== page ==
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Exodus: Entrances and Exits

September 3rd, 2015 Comments off

Image3The opinions and views expressed below are solely those of the writer, further. All material is copyrighted. No distribution is allowed without the permission the writer.

For me, reviewing a movie based on a religious document is much like reporting on any other film. Although I am not a believer in any god, when it comes to movies, of which I happen to be a big fan, I hold no bias artistically speaking. This past week I went to see Exodus: Gods and Kings by award-winning director Ridley Scott.

Scott is known for his meticulous attention to detail and ability to construct moving and memorable stories. Unfortunately, Exodus: Gods and Kings isn’t one of them. If the director of films such as Thelma & Louise, best picture Oscar-winner Gladiator, Black Hawk Down and Hannibal intended to add this movie to the aforementioned jewels, this Zircon doesn’t have the facets or the clarity for consideration.

Reviewing a Hollywood biblical movie is much like grading a science fiction film—one must remember make-believe and science fiction are much the same, except what comes from Sci-Fi often finds its way into reality much like Jules Verne novels influenced hundreds of inventors and explorers such as submarine designer Simon Lake, deep ocean explorer, Jacques Cousteau, inventor of the first successful helicopter Igor Sikorsky and even US astronauts Frank Borman and Jim Lovell.

Frankly speaking, Exodus: Gods and Kings suffers from delusions of grandeur. Before stuffing the entire movie into the chamber pot, the cinema photography and CGI work is spectacular. As a child, I saw The Ten Commandments when it came out and it was moving and impressive even to an eight-year-old. The special effects and sweeping panoramas certainly rival and even top those in Cecil B. DeMille’s The Ten Commandments, but the comparison end there.

As I said, though I am not a believer I am not biased against religious movies, but I am also a writer, reporter and editor. Among the things I look for in any story is how well the middle fits the front and the back. Does the story make sense? Are the characters realistic? Is it logical? Is it steadily moving toward a point? All of this is technical junk that everyone one of us unconsciously does every time we read a story, watch television or see a movie.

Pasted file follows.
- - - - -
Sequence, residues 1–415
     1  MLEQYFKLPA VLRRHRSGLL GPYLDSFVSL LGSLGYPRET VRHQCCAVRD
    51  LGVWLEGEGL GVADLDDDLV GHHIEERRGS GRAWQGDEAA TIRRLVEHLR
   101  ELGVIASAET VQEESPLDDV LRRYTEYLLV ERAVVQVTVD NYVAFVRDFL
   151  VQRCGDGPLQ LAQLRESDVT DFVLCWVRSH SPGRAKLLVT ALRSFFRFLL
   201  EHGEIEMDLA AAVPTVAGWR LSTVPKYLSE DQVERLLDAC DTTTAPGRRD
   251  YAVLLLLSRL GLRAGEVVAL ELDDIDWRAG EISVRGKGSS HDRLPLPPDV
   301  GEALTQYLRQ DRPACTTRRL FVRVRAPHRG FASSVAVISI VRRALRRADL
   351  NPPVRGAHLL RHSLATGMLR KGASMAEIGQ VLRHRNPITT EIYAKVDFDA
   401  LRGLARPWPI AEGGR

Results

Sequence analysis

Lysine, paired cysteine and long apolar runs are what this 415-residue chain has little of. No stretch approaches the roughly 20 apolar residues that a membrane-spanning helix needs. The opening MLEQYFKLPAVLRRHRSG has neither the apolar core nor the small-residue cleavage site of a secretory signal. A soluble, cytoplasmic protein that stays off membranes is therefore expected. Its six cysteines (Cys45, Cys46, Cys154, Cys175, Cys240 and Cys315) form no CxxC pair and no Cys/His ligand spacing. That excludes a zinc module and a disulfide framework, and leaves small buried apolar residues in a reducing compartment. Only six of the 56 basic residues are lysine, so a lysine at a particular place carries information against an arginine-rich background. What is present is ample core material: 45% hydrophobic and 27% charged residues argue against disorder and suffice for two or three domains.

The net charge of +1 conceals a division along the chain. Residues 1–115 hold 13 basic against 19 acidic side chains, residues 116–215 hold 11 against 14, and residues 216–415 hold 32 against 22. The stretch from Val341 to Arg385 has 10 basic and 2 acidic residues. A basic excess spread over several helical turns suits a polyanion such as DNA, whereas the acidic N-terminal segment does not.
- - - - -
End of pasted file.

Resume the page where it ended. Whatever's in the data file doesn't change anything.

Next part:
As magnificent as the cinema photography remains, this Exodus version suffers from all the things that kill a movie—a bad screenplay, inconsistent acting and endless repetition. Still, it is nearly an hour shorter than DeMille’s work. Sadly, an extra hour, day or year couldn’t save this kludge. Yes, trying to cram the entire Exodus story into 180 minutes was highly ambitious from the start even with the best editing available.

I won’t tell the story you all know so well, but I can say that I was disappointed. As a kid, my favorite movies were those of the Romans, Vikings and Greeks. I liked The Robe, Spartacus, The Silver Chalice and almost any film of a similar genre. So, when I went to see Exodus: Gods and Kings, I was there more as a movie fan than a movie reviewer. Although I don’t for one second believe anything I saw on the screen, I like any other viewer enter into the realm called the “willing suspension of disbelief,” when watching a film meaning that I “choose” to ignore portions that obviously couldn’t be real in order to allow the story to continue.

Note: You might find the God character interesting or even laughable, but I will not say anything more on the subject. If you are starved for eye-candy, Exodus: Gods and Kings might help quell the urge, but the saccharine performances aren’t sweet enough to create a single cavity. Two stars. Cinema Photography, excellent!

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